First Place, Radio Documentary, 2006 Wisconsin Broadcasters Association Awards
Best Documentary (Large Market), 2005 Regional RTNDA Edward R. Murrow Award
First Place Documentary (Large Market), 2005 Wisconsin Associated Press Awards
Best Documentary (Large Market), 2005 NBNA Eric R. Sevareid Awards
Finalist, 2005 DART Awards for Radio
Back in their traditional homeland of Laos, the Hmong people observed a very patriarchal society. Men made the rules, and women kept their place. It was expected that while a husband could lead a clan or simply stay out late with friends, the wife would stay at home and mind the household and children.
Following the end of the Vietnam War, many Hmong -- who sided with the U.S. Forces -- fled southeast Asia to avoid persecution. Thousands of Hmong have since arrived in America, where the concept of gender equality has been one of the more significant challenges to the Hmong people's traditional value system.
As opposed to Laos, women in America can work outside the home, get an education, choose their own mates, and become community leaders. While some Hmong herald these opportunities, others denounce them as contrary to their culture. This disagreement has caused tensions in some Hmong households, and clashes among relatives have even escalated to violence.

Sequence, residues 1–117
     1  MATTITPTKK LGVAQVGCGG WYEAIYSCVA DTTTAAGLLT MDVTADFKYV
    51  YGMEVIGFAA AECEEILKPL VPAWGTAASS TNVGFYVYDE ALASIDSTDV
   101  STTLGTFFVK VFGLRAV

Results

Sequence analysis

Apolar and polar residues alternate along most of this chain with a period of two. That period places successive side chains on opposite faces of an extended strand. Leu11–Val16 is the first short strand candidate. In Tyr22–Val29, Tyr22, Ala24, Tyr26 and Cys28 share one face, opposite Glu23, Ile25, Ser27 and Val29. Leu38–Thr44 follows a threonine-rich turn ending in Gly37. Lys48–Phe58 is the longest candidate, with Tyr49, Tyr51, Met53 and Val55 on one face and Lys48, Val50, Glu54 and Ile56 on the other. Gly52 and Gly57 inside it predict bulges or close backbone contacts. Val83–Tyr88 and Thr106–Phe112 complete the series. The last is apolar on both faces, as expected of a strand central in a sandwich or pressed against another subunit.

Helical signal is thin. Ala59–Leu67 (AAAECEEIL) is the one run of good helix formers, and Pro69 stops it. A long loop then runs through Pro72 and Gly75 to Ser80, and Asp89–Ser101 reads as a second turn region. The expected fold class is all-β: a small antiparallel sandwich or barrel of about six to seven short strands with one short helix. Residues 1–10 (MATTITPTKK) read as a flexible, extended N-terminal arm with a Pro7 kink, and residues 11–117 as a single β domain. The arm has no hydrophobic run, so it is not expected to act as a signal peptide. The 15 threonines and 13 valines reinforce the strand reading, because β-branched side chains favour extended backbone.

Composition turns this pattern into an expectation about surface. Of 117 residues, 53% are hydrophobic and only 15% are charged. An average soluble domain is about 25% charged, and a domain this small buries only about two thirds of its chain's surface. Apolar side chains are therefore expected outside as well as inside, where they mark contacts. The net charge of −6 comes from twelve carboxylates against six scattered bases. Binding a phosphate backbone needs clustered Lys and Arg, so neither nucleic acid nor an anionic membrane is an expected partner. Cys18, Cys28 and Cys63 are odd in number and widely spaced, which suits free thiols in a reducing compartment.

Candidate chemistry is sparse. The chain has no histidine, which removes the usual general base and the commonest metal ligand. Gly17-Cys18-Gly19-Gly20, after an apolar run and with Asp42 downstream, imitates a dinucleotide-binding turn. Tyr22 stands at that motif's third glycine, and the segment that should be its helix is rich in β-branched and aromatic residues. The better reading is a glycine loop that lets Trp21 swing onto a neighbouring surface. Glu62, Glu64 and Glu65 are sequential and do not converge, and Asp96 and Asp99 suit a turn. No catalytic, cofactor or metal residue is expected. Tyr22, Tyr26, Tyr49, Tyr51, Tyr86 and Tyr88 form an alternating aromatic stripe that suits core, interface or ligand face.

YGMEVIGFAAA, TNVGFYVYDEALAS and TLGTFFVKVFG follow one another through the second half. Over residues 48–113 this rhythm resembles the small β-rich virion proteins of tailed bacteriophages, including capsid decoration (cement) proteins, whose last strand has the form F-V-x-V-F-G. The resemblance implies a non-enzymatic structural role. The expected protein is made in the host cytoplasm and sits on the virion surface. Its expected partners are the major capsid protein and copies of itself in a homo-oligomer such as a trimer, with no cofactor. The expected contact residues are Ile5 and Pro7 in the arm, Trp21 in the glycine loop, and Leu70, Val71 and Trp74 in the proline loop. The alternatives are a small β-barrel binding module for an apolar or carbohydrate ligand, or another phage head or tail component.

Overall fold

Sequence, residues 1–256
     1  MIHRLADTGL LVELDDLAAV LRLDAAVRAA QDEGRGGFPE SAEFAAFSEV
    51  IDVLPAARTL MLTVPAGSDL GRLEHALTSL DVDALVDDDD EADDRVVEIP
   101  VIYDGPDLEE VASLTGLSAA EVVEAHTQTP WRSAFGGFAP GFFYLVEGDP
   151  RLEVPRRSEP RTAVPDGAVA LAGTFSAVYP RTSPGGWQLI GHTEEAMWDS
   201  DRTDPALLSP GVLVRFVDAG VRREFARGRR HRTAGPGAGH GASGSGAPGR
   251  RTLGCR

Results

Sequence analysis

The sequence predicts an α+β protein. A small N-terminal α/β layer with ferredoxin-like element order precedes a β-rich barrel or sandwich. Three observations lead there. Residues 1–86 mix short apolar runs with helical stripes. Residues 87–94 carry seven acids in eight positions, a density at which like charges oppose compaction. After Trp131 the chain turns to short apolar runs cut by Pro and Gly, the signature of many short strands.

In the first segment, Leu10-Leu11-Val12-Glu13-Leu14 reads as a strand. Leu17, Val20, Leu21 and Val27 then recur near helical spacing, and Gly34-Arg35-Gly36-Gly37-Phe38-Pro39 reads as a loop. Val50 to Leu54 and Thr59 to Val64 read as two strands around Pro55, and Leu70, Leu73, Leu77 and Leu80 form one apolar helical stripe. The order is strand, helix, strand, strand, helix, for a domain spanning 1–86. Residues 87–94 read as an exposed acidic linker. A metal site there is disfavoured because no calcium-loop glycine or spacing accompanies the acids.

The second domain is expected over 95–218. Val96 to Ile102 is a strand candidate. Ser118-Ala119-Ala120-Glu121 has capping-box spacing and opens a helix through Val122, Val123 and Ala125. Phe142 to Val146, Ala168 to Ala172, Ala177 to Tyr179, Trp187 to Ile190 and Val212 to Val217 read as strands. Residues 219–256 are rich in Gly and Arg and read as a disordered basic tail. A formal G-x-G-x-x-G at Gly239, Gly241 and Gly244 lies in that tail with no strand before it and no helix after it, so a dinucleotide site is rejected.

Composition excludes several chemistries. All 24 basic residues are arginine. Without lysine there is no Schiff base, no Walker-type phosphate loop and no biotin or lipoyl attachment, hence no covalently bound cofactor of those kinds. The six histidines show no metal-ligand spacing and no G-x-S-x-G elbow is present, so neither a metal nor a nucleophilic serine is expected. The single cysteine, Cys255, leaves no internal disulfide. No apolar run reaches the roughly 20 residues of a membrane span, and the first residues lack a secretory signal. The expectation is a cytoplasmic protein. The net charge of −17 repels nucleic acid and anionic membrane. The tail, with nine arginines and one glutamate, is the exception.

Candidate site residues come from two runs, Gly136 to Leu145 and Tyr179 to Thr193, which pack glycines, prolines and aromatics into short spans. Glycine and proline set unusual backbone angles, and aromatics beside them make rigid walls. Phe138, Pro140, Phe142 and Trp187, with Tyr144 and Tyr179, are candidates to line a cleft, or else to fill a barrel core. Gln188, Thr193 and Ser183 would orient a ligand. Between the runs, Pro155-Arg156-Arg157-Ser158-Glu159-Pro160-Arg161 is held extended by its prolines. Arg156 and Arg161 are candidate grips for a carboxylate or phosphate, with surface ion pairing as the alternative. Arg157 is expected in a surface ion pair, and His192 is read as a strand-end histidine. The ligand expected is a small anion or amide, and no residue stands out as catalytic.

Crisis advocates are quick to note that while Hmong-Americans don't particularly have higher rates of domestic violence than other groups, unique cultural factors may keep a significant number of victims from reporting the abuse or seeking help.
Tsim Txom: Domestic Violence in Hmong Society looks at how some victim advocates are addressing the problem, through education and culturally-sensitive services. Through interviews with abuse victims, Hmong community representatives, and crisis counselors, the span of the dilemma -- and possible solutions -- are illuminated in this in-depth documentary.
Top image from Northumbria Police. Bottom image from Center for Hmong Arts and Talent's CHAT-TV "Secret Shame" television segment.